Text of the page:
Southern Arizona Senior Pride Book Club meeting. If you're looking to get together with a group of LGBT seniors on the third Wednesday of every month to talk about a fascinating book, boy do we have news for you: This is your chance! This month's book is The Lavender Scare: The Cold War Persecution of Gays and Lesbians in the Federal Government. You've probably heard of the Red Scare, but not everyone realizes that this was a time when homosexuals were considered just as dangerous to national security as communists, and that the "Lavender Scare" was even more intense and long lasting than the Red Scare. Read all about it, then discuss it with a new group of friends. 2 to 3:30 p.m. Wednesday, Jan. 16. Ward 3 Council Office Conference Room, 1510 E. Grant Road. Free. Details here.
Postmodern Dialogue. The David Dominguez Gallery's latest exhibit features paintings on panels by David Pennington, 3D works by Carrie Seid and steel sculptures by David Mazza. Pennington often works with bright colors and street art influences, Seid's art explores the geometry of the natural world and Mazza's sculptures are traditionally abstract. The large gallery in the heart of Tucson's Art District is a gorgeous place to be viewing the work of local artists, and if you're at all interested in contemporary art, you'd be downright silly to miss this one. Exhibit runs through Feb. 23, with a reception on Saturday, Jan. 12. From 6 to 8 p.m. Davis Dominguez Gallery, 154 E. Sixth St. 11 a.m. to 5 p.m. Tuesday through Friday and 11 a.m. to 4 p.m. Saturdays. Details here.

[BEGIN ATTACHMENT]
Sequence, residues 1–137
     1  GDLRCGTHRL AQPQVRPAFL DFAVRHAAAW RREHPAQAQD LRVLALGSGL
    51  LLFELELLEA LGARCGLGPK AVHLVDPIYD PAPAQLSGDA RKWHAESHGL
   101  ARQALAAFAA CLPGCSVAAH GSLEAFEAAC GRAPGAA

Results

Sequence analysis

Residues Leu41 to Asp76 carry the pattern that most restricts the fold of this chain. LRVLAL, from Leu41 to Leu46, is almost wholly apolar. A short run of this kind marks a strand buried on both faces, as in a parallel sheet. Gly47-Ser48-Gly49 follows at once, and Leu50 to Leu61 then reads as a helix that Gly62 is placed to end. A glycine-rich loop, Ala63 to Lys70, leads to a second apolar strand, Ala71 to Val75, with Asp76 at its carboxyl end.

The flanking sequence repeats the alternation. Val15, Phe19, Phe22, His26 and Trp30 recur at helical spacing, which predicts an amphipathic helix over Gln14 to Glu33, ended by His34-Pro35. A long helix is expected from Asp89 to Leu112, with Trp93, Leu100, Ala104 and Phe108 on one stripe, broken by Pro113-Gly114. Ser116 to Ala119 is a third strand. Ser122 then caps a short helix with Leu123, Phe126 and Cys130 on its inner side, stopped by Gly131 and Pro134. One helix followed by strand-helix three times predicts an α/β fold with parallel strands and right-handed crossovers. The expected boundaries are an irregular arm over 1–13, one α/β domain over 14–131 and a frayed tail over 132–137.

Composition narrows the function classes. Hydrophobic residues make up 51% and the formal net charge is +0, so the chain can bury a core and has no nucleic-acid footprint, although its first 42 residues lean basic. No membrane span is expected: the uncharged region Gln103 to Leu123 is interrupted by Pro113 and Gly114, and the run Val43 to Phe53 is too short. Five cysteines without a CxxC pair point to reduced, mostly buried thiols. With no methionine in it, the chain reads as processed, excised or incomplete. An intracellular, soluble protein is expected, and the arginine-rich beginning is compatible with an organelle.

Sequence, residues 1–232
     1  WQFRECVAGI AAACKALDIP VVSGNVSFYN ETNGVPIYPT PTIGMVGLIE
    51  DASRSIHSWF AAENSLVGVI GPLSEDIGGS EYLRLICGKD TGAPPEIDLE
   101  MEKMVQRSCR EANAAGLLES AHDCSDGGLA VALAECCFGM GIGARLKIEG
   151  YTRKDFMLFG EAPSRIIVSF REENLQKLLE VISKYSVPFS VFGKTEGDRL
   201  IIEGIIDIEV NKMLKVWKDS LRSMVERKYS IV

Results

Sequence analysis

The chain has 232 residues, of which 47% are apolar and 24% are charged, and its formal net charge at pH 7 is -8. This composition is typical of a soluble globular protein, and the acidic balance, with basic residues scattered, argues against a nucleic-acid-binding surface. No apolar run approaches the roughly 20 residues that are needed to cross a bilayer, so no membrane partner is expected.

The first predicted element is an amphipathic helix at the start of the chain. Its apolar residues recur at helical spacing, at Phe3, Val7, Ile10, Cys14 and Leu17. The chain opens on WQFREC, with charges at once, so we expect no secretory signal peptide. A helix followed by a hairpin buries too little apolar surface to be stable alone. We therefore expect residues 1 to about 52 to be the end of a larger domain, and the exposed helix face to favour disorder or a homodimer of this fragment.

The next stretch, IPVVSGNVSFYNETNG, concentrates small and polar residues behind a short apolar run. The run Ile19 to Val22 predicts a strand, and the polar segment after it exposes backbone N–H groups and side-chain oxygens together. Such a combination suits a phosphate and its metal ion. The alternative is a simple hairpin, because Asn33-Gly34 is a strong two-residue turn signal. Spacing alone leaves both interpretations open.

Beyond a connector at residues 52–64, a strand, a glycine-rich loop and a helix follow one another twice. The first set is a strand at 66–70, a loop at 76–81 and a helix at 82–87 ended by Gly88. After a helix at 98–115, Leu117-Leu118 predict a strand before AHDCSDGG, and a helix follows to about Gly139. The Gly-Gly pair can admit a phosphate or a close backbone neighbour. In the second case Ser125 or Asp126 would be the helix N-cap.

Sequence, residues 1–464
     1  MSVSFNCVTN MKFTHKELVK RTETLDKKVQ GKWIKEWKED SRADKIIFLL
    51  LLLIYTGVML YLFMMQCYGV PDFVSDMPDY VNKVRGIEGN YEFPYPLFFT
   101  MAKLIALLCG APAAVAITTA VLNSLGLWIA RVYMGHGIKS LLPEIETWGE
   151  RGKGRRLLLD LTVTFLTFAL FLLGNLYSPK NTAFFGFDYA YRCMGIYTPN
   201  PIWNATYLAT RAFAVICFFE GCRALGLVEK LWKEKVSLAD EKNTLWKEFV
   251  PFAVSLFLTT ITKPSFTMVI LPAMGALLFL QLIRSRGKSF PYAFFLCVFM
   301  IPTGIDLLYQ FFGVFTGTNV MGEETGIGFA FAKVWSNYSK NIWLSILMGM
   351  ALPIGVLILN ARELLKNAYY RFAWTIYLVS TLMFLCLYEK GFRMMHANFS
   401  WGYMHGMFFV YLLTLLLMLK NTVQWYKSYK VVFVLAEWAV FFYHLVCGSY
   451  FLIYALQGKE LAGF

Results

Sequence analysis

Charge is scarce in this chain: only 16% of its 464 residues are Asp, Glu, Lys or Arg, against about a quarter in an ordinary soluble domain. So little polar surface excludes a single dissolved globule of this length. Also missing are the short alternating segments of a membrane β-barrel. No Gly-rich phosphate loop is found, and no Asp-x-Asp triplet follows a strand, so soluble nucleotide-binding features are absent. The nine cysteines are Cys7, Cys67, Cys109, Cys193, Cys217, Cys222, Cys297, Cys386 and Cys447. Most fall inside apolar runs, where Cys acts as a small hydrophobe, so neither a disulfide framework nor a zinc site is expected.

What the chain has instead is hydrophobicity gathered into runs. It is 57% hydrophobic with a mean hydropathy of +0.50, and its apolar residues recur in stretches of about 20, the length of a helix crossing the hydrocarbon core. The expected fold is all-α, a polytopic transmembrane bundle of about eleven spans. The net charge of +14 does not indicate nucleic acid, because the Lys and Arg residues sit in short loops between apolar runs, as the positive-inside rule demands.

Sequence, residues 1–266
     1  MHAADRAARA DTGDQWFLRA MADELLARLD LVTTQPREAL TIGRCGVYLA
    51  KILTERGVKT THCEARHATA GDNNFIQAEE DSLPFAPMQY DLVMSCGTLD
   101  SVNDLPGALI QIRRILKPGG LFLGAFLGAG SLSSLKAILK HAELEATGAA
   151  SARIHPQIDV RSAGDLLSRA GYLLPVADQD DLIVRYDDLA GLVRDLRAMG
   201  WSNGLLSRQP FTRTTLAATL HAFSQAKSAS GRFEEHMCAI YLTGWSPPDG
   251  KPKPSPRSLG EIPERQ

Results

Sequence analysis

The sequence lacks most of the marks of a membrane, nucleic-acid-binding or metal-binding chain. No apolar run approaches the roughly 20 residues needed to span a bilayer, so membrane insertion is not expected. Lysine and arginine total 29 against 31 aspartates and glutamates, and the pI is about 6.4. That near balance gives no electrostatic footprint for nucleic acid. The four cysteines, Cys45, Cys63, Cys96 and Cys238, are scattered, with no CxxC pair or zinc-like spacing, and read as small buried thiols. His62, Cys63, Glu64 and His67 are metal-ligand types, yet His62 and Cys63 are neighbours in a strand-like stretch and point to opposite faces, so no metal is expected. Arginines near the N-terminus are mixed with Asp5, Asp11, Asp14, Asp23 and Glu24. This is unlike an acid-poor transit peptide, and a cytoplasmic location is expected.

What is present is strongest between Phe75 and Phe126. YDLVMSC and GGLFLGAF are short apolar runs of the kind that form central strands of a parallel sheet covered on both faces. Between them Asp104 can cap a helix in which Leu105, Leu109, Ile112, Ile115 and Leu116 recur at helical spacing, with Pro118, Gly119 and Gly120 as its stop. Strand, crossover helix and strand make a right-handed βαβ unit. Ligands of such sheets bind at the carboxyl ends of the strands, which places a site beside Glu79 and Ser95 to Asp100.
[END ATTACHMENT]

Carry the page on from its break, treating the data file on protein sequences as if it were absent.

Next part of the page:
Space Drafts 55: Beyond the Known World. What a wonderful city we live in. At this event, you get to enjoy the great beer of Borderlands Brewery and learn about astronomy from real scientists from the UA Lunar and Planetary Laboratory. Hosted by Astronomy on Tap. 7 to 10 p.m. Wednesday, Jan. 16. 119 E. Toole Ave. Details here.
The Man Who Fell to Earth–Director's Cut. Starring David Bowie as an orange-haired, stoic alien on a mission to retrieve water from Earth for his drought-stricken planet, The Man Who Fell to Earth is surreal, fascinating and one of the most 70s things you can imagine. This film went on to influence Bowie's music (particularly his albums Station to Station and Low), Philip K. Dick, Ridley Scott, Watchmen, Guns N Roses and much more. If you thought spiders from Mars was a sci-fi concept, get ready for a whole lot more. Part of The Loft's screenings of the cinema of Nicolas Roeg. 7:30 to 10 p.m. Wednesday, Jan. 16. 3233 E. Speedway Blvd. Regular admission prices. Details here.
Events compiled by Tirion Morris, Emily Dieckman, B.S. Eliot and Jeff Gardner.